11. Henry C. Strickland, The State Action Doctrine and the Rehnquist Court, 18
HASTINGS CONST. L.Q. 587, 591 (1991).
12. 16B AM. JUR. 2D Constitutional Law § 800 (1998). In free speech cases, for
example, because the First Amendment only protects against free speech deprivation
individual freedoms are protected from federal law and federal judicial power.13 According to the United States Supreme Court, “[o]ne great object of
the Constitution is to permit citizens to structure their private relations as they
choose subject only to the constraints of statutory or decisional law.”14 By
focusing the judiciary’s attention on state action, this doctrine limits the
courts’ power to regulate private interests and ensures that states and state
actors respect individual liberties.15 Regardless of “[w]hether this is good or
bad policy, it is a fundamental fact of our political order.”16
The determination of a party’s status as either private and, therefore,
immune from constitutional claims, or public and subject to constitutional
restrictions, is often viewed as a threshold question, preempting the court’s
consideration of the merits of the case.17 While determining whether a
wrongdoer is a governmental actor seems simple, actually distinguishing
between public and private actors “has proven elusive in application.”18 Ultimately, a finding of state action directly affects the remedies available to the
injured party.19
B. “Under the Color of State Law” in 42 U.S.C. section 1983
Title 42 U.S.C. section 1983 imposes liability on every person who, under the color of a statute, ordinance, or regulation, causes the deprivation of
another’s federally protected right.20 Intended as a damage remedy for those
whose civil rights are violated, section 1983 applies only where deprivations
occur under the color of state law.21 More specifically, for the statute to apply, a section 1983 defendant must act with the authority of the state,22 and a
plaintiff must show that a state agent’s actions proximately caused the dam-
occurring at the hands of the state, plaintiffs who experience a loss at the hands of a
private party are denied grounds for a constitutional claim. Only the Thirteenth
Amendment’s prohibition on slavery directly restricts actions of private individuals.
Strickland, supra note 9, at 591 n.13.
13. Lugar v. Edmondson Oil Co., 457 U.S. 922, 936 (1982).
14. Edmonson v. Leesville Concrete Co., 500 U.S. 614, 619 (1991).
15. Lugar, 457 U.S. at 936-37. The purpose of the Constitution is, instead, to
create a framework by which federal branches and state governments may regulate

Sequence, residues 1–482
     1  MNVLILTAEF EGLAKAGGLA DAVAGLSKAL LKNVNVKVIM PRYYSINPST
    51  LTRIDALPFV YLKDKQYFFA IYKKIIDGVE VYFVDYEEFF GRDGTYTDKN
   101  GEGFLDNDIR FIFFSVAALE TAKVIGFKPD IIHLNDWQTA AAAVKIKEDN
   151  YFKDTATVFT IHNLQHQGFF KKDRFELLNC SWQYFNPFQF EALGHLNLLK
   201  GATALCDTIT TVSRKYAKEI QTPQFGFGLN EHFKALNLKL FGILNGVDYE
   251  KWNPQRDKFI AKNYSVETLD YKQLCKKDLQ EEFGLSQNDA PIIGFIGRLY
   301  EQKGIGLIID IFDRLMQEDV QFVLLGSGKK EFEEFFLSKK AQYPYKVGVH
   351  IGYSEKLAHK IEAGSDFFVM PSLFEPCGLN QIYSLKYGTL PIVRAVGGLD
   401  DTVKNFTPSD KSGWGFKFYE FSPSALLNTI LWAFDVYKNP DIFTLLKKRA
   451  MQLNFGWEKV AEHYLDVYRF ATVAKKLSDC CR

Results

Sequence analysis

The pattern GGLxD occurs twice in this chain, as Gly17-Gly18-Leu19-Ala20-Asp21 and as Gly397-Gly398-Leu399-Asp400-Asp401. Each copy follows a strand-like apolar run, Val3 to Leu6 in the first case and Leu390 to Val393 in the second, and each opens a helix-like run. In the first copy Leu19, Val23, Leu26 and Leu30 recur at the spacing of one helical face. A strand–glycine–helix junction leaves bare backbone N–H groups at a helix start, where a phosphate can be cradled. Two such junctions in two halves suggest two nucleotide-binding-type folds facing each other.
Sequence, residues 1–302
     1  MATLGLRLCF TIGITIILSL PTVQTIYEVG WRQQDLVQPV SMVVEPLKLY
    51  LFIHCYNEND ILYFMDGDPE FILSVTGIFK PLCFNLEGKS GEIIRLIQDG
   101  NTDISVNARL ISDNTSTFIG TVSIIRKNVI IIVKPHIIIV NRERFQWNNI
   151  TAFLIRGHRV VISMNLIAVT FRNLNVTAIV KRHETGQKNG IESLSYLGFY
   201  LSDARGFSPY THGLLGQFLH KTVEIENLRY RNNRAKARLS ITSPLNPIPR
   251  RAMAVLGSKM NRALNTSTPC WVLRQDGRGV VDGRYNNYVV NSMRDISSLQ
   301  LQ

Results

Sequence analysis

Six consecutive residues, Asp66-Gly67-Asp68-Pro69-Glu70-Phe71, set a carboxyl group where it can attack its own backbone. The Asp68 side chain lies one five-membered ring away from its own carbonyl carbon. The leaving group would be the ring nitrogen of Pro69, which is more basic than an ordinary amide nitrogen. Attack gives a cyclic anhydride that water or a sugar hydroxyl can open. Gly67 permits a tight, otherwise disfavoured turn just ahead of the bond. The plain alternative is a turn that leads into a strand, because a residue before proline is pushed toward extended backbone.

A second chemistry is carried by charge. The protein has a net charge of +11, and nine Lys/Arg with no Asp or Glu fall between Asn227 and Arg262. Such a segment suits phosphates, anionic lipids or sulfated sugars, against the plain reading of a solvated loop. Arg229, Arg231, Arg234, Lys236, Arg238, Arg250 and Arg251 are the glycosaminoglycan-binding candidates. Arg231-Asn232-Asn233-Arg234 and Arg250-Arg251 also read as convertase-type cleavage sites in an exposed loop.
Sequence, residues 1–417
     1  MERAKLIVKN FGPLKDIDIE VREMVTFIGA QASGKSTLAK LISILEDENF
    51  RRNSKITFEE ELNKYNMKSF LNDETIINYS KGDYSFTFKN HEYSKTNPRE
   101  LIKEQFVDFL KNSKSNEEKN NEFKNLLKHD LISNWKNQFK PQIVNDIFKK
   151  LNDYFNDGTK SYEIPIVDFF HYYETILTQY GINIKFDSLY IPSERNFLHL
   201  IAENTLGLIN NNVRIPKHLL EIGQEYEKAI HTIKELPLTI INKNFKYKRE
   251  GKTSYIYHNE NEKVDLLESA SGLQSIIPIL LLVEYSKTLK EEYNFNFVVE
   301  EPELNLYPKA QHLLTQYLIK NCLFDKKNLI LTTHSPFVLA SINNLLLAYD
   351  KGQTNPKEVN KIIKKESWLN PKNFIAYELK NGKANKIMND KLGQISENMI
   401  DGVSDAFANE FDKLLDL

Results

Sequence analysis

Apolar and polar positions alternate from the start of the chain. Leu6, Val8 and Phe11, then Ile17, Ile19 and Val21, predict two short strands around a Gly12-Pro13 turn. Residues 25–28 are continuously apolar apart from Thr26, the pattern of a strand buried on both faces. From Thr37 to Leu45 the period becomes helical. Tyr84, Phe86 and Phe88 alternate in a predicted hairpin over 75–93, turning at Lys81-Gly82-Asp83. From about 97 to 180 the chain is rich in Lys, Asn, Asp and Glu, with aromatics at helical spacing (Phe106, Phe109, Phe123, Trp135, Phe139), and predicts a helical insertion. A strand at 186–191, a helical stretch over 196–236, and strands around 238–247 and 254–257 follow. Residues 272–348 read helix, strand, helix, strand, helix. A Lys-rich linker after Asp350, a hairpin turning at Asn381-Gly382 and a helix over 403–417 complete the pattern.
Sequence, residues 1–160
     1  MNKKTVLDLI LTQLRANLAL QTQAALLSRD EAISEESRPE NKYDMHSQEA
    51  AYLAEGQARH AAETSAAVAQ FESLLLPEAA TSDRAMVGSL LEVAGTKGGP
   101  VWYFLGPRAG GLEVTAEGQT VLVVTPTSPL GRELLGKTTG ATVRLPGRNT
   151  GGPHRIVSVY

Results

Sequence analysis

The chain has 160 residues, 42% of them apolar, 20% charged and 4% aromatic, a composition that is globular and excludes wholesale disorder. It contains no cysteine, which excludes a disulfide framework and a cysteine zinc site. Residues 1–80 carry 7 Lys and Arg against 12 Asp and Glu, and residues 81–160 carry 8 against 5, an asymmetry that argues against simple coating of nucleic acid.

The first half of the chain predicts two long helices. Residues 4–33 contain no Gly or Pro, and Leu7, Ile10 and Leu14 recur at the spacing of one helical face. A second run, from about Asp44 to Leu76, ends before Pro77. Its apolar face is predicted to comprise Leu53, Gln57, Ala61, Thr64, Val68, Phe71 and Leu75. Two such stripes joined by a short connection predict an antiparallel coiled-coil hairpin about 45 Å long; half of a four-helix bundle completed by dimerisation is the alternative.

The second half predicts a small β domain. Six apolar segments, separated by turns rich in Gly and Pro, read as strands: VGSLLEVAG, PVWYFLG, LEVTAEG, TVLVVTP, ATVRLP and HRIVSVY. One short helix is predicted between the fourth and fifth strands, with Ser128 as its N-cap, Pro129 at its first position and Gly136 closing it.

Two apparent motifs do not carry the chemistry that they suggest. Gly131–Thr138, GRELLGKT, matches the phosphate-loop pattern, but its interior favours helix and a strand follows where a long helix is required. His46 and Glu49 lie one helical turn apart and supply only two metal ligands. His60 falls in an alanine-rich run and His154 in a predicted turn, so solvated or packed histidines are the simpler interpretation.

the daily activity of individuals. Strickland, supra note 9, at 591.
16. Lugar, 457 U.S. at 937.
17. Edmonson, 500 U.S. at 619. Some authors, however, argue that the state
action doctrine is more than a threshold question and serves a unique analytical function in Constitutional analysis. See Fee, supra note 3, at 573.
18. Perkins v. Londonderry Basketball Club, 196 F.3d 13, 18 (1st Cir. 1999).
19. Civil remedies arising out of a constitutional violation, however, arise under
a separate cause of action.
20. 42 U.S.C. § 1983 (2000).
21. 14 C.J.S. Civil Rights § 30 (2007).
22. Kia P. v. McIntyre, 235 F.3d 749, 755 (2d Cir. 2000).
[Vol. 73
ages in question.23 Acting with the “authority of [the] state” applies to both
governmental entities and private parties acting in concert with state officers
to deprive another of their constitutionally guaranteed liberty.24
Coinciding with the section 1983 “color of state law” requirement is the
Fourteenth Amendment’s “state action” requirement.25 Remedies for violations of section 1983 and the Fourteenth Amendment differ, with the former
providing civil relief and the latter providing equitable relief. With most parties instituting suits interested in both types of remedies, section 1983 issues
are presented in many “state action” cases. According to the Supreme Court
in Lugar v. Edmondson Oil Co., the scope of section 1983 is slightly broader
than the Fourteenth Amendment’s “state action” requirement.26 For the most
part, however, liability under section 1983’s “color of state law” requirement
is equivalent to that of state action under the Fourteenth Amendment.27
C. State Action Tests from the United States Supreme Court
State action generally arises out of a person’s acting on behalf of the
government or performance of a duty that is traditionally carried out by the
state.28 The Supreme Court noted that the determination of whether conduct
is private or amounts to “state action” is not an easy question29 and there is no
singular fact that is a “necessary condition . . . for finding state action.”30 The
important inquiry, therefore, is the interplay of the government and private
actions in light of the particular facts of a case.31 As a result of this difficult
23. Id. at 761.
24. See 14 C.J.S. Civil Rights § 30 (2007). Action, in this context, denotes intense participation and compulsion of the challenged act: mere acquiescence on the
part of the state to the action is insufficient. Reinhart v. City of Brookings, 84 F.3d
1071, 1073 (8th Cir. 1996).